Vibrotaction and texture perception

M. Hollins, S. J. Bensmaa, E. A. Roy

Research output: Contribution to journalArticlepeer-review

82 Scopus citations


Several recent studies support Katz's hypothesis that vibrotaction plays a role in the perception of tactile textures with elements too small and closely spaced to be processed spatially. For example, eliminating vibration by preventing movement of a stimulus surface across the skin compromises psychophysical scaling and discrimination of fine, but not coarse, textures. Fine-texture discrimination is also impaired when vibrotactile channels are desensitized by adaptation. A role for vibrotaction in texture perception is plausible, given the keenness of this submodality: the sensory qualities produced by a sinusoidal vibration uniquely specify its frequency and amplitude, and subjects can distinguish some complex vibrations that differ in waveform but have the same spectral components. Finally, imposed vibration can modify the perceived texture of a haptically-examined surface. Taken together, these lines of evidence support the view that vibrotaction is both necessary and sufficient for the perception of fine tactile textures.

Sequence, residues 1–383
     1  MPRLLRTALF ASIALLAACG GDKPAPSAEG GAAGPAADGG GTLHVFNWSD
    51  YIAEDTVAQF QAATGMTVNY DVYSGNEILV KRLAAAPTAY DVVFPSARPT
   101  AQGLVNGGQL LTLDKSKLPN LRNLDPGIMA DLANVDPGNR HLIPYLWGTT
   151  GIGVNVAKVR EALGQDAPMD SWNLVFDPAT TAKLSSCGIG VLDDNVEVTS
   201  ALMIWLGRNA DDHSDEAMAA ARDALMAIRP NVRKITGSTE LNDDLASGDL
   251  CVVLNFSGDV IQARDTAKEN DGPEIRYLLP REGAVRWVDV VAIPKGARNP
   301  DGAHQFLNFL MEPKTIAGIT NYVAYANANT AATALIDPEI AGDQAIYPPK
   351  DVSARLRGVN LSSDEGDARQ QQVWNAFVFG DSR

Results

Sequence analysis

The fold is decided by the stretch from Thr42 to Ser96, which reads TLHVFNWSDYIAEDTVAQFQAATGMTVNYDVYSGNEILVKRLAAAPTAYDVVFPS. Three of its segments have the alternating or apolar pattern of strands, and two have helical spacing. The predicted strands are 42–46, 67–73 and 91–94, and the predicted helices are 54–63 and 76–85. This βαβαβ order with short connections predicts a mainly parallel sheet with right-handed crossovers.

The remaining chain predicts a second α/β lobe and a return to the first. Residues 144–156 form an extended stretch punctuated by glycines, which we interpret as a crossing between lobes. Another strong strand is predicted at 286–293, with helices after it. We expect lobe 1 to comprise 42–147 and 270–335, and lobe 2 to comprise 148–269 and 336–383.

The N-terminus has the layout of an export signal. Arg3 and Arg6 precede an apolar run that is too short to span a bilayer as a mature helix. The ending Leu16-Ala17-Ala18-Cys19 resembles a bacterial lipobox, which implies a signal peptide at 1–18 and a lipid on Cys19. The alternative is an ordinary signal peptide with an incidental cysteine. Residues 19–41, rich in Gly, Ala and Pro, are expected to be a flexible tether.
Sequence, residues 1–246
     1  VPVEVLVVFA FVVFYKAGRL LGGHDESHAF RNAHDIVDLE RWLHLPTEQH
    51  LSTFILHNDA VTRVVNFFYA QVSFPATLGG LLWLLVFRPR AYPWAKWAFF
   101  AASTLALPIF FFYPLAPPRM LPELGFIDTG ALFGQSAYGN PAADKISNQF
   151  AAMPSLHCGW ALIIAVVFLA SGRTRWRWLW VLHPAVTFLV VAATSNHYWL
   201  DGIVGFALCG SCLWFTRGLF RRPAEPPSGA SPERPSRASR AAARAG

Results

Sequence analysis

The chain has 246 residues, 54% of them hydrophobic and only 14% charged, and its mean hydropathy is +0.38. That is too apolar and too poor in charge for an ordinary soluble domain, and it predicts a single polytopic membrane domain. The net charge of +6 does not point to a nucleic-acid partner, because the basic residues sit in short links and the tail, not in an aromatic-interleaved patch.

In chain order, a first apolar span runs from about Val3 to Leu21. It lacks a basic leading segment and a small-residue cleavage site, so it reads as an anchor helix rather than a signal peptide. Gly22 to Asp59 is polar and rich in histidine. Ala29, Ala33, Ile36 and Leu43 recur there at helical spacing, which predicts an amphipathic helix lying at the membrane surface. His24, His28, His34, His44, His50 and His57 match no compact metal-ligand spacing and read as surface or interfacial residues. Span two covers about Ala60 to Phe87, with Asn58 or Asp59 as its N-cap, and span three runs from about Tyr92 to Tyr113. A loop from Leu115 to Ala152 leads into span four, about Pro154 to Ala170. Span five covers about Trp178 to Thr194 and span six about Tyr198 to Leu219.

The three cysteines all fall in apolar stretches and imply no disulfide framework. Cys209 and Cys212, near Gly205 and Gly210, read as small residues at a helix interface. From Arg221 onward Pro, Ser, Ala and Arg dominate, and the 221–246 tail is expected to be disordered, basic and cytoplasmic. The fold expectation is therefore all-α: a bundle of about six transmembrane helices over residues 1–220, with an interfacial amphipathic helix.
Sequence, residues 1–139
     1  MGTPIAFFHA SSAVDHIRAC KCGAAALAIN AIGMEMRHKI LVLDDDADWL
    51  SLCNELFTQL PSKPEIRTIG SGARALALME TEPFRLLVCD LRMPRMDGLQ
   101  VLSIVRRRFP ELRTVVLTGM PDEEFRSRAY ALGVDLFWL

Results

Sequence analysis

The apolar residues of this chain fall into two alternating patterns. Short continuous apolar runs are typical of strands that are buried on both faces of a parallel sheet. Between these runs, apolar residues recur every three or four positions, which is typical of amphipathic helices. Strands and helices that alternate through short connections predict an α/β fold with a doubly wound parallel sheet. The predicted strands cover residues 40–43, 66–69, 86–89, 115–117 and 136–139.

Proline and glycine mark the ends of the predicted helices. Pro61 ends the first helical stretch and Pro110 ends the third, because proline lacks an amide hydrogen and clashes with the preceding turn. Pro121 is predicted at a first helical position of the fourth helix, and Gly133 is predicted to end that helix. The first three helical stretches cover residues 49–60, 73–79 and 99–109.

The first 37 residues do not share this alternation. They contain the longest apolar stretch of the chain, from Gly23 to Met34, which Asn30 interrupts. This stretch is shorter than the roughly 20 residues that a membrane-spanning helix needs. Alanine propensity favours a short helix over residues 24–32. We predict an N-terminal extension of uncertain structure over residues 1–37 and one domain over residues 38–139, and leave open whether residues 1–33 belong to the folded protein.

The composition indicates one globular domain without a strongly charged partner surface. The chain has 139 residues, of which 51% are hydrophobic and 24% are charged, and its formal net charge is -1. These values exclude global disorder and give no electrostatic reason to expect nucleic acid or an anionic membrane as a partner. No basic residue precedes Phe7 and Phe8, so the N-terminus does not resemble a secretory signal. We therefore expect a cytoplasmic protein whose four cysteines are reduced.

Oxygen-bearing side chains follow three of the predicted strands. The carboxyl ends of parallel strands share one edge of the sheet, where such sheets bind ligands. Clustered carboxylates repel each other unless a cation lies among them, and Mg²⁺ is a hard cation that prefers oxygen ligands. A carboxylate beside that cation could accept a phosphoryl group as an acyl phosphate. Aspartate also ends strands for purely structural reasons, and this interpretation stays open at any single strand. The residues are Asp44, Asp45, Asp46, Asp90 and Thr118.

Original languageEnglish (US)
Pages (from-to)51-56
Number of pages6
JournalBehavioural Brain Research
Issue number1-2
StatePublished - Sep 20 2002
Externally publishedYes


  • Adaptation
  • Pacinian
  • Roughness
  • Texture
  • Vibration

ASJC Scopus subject areas

  • Behavioral Neuroscience


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